Feedback from fans and Oklahoma City leaders led team and Chickasaw officials to ponder changes, said Michael Byrnes, RedHawks president and general manager. The team and Chickasaws were in contact with city officials “as any prudent partner would be,” he said.
“Our intention from the start, we wanted this partnership to be positive for the city, positive for the franchise, positive for the Chickasaw Nation,” Byrnes added. “We wanted to make sure this was reflective of that. That's what led us to reconsider.”
People who complained to the team were evenly split in opposition to the Newcastle name on a city-owned park because of its ties to a suburb and to a casino.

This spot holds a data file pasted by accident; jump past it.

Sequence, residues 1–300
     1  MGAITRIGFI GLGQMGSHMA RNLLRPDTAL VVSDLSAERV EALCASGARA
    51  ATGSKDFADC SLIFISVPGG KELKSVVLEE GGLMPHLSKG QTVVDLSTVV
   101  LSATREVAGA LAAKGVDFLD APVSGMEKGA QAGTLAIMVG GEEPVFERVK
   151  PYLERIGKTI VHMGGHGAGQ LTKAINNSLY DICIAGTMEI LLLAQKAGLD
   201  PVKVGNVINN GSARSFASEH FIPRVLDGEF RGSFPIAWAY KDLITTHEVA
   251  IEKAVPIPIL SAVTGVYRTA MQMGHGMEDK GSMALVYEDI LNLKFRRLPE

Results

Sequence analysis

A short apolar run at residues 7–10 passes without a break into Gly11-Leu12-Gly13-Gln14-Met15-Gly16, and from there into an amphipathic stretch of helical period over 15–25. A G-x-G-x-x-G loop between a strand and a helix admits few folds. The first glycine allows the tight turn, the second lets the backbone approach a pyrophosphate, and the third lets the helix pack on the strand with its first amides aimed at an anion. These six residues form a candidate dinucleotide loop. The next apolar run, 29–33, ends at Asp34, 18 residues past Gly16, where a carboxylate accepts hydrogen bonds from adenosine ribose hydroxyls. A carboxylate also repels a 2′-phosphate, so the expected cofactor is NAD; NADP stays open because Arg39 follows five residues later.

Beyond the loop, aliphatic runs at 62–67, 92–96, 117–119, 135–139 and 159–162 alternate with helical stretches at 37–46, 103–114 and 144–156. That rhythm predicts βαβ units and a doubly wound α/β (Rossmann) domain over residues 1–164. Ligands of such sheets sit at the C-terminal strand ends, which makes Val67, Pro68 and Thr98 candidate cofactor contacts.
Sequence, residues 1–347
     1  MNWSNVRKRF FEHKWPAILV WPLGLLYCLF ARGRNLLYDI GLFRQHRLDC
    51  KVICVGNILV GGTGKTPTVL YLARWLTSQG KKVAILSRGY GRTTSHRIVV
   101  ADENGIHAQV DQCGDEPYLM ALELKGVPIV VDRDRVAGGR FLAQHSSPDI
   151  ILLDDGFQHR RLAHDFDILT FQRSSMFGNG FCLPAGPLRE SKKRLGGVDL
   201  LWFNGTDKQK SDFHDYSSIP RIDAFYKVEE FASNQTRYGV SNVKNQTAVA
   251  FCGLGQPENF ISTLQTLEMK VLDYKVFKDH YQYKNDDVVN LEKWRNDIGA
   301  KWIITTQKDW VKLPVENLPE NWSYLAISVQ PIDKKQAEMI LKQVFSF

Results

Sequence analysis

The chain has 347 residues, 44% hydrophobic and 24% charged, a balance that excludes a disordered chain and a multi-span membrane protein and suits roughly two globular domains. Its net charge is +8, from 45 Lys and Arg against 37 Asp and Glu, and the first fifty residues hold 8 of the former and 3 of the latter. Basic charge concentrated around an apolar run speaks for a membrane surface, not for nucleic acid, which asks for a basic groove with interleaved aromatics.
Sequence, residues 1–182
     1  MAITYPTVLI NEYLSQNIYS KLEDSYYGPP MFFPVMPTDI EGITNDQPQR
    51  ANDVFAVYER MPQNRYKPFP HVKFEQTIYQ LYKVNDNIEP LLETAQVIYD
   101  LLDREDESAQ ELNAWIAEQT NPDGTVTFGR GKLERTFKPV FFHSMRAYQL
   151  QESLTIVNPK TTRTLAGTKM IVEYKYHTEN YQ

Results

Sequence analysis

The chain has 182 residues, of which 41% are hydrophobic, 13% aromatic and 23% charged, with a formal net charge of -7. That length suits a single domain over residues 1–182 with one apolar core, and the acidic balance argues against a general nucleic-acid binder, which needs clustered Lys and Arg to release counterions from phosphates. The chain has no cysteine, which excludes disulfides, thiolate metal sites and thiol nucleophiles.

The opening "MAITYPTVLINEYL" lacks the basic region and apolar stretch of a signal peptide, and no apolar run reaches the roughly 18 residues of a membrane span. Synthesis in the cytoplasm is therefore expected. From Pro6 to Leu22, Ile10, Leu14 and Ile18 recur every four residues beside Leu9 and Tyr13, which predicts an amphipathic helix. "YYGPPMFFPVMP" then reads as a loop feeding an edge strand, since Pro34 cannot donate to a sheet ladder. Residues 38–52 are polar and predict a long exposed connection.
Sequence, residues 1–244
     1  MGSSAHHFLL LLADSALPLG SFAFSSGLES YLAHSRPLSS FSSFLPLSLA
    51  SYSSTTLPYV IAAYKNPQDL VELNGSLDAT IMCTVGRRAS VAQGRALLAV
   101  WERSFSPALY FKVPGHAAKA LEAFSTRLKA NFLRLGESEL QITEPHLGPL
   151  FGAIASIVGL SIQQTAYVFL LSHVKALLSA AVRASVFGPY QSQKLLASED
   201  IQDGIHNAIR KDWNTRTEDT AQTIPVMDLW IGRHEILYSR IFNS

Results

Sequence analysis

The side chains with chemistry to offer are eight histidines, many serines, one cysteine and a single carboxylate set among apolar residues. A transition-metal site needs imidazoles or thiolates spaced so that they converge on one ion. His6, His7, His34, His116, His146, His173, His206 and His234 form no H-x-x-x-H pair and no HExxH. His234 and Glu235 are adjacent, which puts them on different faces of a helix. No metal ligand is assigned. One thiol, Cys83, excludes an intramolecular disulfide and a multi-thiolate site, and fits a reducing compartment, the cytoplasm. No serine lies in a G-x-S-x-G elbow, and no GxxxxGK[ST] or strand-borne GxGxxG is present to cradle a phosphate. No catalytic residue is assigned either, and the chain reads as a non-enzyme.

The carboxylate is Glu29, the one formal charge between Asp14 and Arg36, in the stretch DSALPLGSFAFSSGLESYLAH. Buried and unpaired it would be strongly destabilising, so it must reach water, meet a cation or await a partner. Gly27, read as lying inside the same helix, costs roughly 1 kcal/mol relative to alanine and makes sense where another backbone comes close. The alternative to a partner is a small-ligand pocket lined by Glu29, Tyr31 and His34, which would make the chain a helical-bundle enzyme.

“The citizens of this community built this ballpark. We want to be respectful of that,” Byrnes said.
The Newcastle Casino will continue to be featured in the Chickasaws' sponsorship of the team, which predated the naming rights deal, Byrnes said. He noted the role of sponsorships in allowing the team to pay for recent upgrades to the ballpark.
“Those types of improvements and investments in the ballpark, they all come from key partners like this,” Byrnes said.
The RedHawks, an affiliate of Major League Baseball's Houston Astros, are owned by Los Angeles-based Mandalay Sports. Mandalay negotiated the deal to sell the ballpark's naming rights to the Chickasaws.
A Chickasaw spokeswoman said there is no timetable on when signs at the stadium will reflect the new name.
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